Archive for September, 2008

Spotlight on Networking

Did you know losing contact with former co-workers can be detrimental to your career health?

Most people, despite promises made at the time and loads of good intentions, lose track of those they have worked with. This can be caused by the sheer pressure and rush of modern day life, or a sense of awkwardness at making contact again. But since 70% to 80% of employment opportunities are sourced through friends, colleagues and staff, it is imperative you stay in touch with people you have worked with in the past whether it is that person who has left the company, or you were the one to leave.

After all, you never know when they may be able to assist you in finding that ideal role, or if you will be the one to give them the boost they need.

Here’s to writing powerful resumes.

Beverley Neil

September 19, 2008 at 4:36 am Leave a comment

How to Irritate a Recruiter

In the past I have written about candidates who – believing the unemployment rate to be low – believe they don’t have to worry about their resume being ‘stand out’. [see Can You Take It Easy in Today’s Employment Market posted in August, 2007]

A number of recruiters have expressed to me their disappointment in the standard of resumes they are receiving and voicing the belief that clients just aren’t trying as hard. One recruiter even told me that at times they ended up calling no one in as the standard of the resumes were so poor – that there was nothing in them that aligned any of the applicants with the advertised position.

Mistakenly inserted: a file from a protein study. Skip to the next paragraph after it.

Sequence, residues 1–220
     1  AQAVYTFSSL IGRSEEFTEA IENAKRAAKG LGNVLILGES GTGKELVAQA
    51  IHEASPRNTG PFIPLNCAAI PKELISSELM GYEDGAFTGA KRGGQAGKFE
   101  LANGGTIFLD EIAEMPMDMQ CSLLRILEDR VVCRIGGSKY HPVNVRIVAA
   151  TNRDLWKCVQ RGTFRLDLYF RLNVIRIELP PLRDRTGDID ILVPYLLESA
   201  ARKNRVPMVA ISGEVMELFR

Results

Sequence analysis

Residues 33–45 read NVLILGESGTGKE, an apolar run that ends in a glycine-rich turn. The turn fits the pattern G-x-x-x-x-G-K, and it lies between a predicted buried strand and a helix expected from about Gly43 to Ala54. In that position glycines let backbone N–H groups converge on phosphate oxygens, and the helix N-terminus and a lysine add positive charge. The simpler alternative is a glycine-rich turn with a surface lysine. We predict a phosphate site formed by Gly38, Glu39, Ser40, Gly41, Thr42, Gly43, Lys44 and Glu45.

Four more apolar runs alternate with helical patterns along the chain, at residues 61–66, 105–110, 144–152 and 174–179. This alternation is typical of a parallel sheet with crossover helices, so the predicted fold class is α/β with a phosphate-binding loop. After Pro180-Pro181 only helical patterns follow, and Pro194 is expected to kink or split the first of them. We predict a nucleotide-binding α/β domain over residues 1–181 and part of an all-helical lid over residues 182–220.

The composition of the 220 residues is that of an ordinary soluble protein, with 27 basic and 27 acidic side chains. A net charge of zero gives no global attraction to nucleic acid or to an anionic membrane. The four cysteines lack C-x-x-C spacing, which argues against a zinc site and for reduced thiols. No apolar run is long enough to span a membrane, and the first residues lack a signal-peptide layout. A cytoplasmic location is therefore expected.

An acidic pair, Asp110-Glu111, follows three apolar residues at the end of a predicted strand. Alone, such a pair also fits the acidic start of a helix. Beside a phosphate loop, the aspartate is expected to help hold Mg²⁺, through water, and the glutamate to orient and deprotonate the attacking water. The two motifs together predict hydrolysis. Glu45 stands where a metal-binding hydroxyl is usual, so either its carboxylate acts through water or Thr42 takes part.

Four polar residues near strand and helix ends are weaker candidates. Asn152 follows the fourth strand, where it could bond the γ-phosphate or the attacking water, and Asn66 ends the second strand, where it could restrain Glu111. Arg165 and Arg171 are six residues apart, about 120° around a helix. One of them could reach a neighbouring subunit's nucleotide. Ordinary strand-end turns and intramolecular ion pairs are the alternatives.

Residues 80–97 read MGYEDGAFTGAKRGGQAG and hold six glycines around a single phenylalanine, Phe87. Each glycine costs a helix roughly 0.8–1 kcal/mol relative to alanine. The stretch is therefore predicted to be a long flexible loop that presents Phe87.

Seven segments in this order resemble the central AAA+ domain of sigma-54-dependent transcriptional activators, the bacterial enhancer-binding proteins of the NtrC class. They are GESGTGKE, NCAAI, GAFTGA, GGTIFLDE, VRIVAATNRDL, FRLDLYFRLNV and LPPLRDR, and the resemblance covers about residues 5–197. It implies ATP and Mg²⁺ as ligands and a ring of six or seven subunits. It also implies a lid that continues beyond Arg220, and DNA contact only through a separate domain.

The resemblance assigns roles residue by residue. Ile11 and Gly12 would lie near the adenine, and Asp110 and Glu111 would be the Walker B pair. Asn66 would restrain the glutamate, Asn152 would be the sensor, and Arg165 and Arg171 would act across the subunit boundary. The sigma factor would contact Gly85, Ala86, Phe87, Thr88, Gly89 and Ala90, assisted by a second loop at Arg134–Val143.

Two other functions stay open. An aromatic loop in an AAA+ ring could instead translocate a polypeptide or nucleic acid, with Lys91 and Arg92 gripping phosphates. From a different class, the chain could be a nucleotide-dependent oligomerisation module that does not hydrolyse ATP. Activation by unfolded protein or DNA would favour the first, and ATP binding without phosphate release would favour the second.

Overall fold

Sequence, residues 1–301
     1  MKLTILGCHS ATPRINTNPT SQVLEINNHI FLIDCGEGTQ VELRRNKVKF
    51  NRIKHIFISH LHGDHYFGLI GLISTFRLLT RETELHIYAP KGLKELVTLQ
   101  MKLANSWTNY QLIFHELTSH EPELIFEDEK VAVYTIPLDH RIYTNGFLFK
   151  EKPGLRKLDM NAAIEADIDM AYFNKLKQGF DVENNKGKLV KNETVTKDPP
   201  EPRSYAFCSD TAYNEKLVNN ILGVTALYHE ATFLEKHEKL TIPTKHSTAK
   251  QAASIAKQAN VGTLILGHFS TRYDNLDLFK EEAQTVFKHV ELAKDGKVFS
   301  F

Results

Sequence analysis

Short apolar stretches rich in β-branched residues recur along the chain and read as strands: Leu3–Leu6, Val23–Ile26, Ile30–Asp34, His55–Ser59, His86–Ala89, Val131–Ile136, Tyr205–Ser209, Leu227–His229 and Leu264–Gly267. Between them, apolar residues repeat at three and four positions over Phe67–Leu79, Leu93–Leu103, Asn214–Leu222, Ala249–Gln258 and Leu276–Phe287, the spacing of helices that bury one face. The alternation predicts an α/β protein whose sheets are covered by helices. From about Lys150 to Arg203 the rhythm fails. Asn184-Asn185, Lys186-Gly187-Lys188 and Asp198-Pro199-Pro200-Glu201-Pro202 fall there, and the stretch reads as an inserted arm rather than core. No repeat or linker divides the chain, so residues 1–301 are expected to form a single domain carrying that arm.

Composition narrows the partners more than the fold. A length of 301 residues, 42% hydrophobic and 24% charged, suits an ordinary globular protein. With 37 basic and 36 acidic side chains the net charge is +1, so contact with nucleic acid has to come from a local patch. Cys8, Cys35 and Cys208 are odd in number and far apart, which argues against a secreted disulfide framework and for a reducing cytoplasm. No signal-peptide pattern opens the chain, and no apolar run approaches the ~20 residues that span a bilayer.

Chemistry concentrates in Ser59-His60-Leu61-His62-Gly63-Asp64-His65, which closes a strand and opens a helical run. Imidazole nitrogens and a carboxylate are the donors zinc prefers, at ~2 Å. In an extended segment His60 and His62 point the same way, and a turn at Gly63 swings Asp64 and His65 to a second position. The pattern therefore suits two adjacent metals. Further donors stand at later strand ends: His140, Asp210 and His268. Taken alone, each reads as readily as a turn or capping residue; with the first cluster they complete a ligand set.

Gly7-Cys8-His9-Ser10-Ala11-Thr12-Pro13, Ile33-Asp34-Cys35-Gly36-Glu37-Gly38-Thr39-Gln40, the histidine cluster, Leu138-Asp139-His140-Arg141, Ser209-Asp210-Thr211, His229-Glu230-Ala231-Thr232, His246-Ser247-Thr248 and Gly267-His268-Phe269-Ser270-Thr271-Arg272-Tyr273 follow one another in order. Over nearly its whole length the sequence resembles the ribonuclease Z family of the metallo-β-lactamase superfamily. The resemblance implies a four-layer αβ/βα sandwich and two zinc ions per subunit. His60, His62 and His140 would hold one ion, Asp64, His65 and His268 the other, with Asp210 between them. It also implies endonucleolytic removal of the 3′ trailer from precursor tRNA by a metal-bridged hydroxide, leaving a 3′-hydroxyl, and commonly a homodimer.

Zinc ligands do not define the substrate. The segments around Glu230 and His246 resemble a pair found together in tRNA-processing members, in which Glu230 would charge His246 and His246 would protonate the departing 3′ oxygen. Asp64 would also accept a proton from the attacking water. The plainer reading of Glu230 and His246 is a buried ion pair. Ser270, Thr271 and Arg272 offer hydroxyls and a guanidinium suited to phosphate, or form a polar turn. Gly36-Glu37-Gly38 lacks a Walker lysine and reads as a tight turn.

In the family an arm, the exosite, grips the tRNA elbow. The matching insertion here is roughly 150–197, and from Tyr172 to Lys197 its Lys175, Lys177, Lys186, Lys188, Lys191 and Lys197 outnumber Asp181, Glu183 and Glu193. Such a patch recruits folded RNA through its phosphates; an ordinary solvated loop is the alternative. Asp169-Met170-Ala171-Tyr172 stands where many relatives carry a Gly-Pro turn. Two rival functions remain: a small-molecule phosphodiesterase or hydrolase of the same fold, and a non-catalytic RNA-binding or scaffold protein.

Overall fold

Understanding all this I couldn’t help but appreciate the sentiments, and also chuckle at the wording, of this blog post written by a frustrated recruiter – it is a definite must read –

Enjoy – and above all – learn.

Here’s to writing powerful resumes.

Beverley Neil

September 15, 2008 at 11:24 pm 1 comment

Blondes in Pursuit of Nobel Prize

Well, this has absolutely nothing to do with resumes, but it has a lot to do with a very interesting humanitarian based, women’s networking organisation which is launching in the U.S. – and it’s all about Blonde Power. 

As the forerunner they have launched a t-shirt (more designs to come I believe) celebrating blonde power and calling for blondes to unite to make an impact for good in the world. Check out the t-shirt site at The ‘parent’ site is in its fledgling stages and can be viewed at Be sure to watch the slide show on the Reflections page and check back in the future as the organisation grows.

Though their focus is very seriously on helping others – they also intend having a strong focus on fun – and shopping! As part of the fun focus they have adopted the catch cry “Blondes in Pursuit of Nobel Prize!”

I’m not blonde myself – but I’ve sure had enough ‘blonde moments’. I guess that qualifies me as a potential member when they open their books.

As Winston Churchill said: “We make a living by what we get, but we make a life by what we give.”

Here’s to writing powerful resumes.

Beverley Neil

September 10, 2008 at 11:07 am 1 comment

Surviving Interview Questions

Interviews can be stressful and it may be that you flounder on one of the questions and don’t answer well.  Don’t let that unsettle you. Pass over it and move on to the next question. You can still win the job if you show that you are able to recover well and maintain your focus.

To list exactly the questions you might be asked would be impossible – there are literally hundreds of possibilities, however, some questions on the most likely list include:

  • Tell me about yourself?
  • What are your strengths?
  • What is your most significant accomplishment?
  • What things most motivate you?